“Just the differences, yet the similarities that we have,” Mrs. Beck said. “Like, this school is much smaller, but yet still doing MTSS, still seeing kids that are making progress, still doing what Kansas does with the dollars that it does have.”
One area Denham showed the tour group was the PITSCO Science Lab at the elementary school. Every day each grade spends time in the lab, something that the other teachers thought was a great idea.
“I liked what I saw with the science room because I don’t think that we get to spend as much time with science as we used to,” Mrs. Beck said.
While the teachers talked about the challenges of schools across the state, ranging from population changes to financing, all said that no matter where they went they were continually impressed with one thing in particular – the people involved.
“I think that if we went into any school we would see kids doing what they’re supposed to be doing, seeing teachers who are putting everything into their jobs, their families, and who enjoy what they do, that’s what I’ve seen out of this,” Mrs. Beck said. “Plus I’ve got to meet some really amazing people. I’ve seen really good ideas.”
Mrs. Beck said she’s taken several pictures of things hanging on walls, and has taken note of how math and technology are being used differently by different people. Both Mrs. Beck and Mrs. Denham specifically mentioned an effort at the Shawnee Heights school district called Quantum.
“(It’s) a whole district-wide systems of beliefs, expectations and ways to teach things,” Mrs. Beck explained. “I think if I had been a brand new teacher, that would have been a great thing to have been handed and just say ‘here’s how we do things in our district – you can kind of tweak it to match what you need but this is what we do to make sure kids all throughout our district hear the same language, hear the same kind of praises and expectations, all the way from kindergarten through high school.’”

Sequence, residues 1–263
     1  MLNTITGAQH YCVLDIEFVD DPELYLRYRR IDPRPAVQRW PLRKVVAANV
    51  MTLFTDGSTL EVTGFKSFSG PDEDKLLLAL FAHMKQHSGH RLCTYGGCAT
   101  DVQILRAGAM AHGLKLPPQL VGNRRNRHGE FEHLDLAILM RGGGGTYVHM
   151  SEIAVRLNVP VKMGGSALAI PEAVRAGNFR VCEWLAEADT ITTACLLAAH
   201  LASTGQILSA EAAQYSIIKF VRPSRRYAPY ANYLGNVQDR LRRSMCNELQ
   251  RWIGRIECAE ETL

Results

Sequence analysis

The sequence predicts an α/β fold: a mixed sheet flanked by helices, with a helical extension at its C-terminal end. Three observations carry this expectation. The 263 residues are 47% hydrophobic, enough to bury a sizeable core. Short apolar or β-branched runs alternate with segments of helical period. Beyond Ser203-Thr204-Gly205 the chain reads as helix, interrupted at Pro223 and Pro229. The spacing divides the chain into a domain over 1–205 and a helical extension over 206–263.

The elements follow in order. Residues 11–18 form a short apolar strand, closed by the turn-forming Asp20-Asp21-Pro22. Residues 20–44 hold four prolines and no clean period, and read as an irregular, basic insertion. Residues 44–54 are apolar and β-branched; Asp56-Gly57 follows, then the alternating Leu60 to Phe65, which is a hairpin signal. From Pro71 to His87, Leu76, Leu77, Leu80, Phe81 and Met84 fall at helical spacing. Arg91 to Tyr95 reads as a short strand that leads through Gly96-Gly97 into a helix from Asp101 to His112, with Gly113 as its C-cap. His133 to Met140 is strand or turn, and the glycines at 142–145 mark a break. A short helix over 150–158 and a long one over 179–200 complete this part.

“There are so many things in education that’s a flash in the plan – you jump on the bandwagon and it’s hot right now and you do it for a year or two and then people become disheartened and drop it,” Mrs. Denham said. “The fact that that district has stuck with it and successfully implemented it, I think is a testament to the program itself. They showed us how when they’re teaching a skill they set it to a story and they have certain prompts and cues about where they stand in the classroom as they’re telling the story and the kids remember that. They do a lot of all modalities of learning, incorporating visual, kinesthetic, and auditory. They talked about how their kids will be sitting in a test and they’ll be rubbing their cheek or patting their leg, and those were all visual cues from the story prompting they did while teaching the instruction. That is something I would really like to look into and see about implementing in my classroom.”
“I am honored to have had this opportunity,” Mrs. Denham said. “I am so thankful for the district for recognizing me as being a leader in the school.”
The other members of the group were Laura Jeannin of USD 290 Ottawa, Danielle Mott and Janet Van Nort of USD 450 Shawnee Heights, and Julie Voelz of USD 253 Emporia.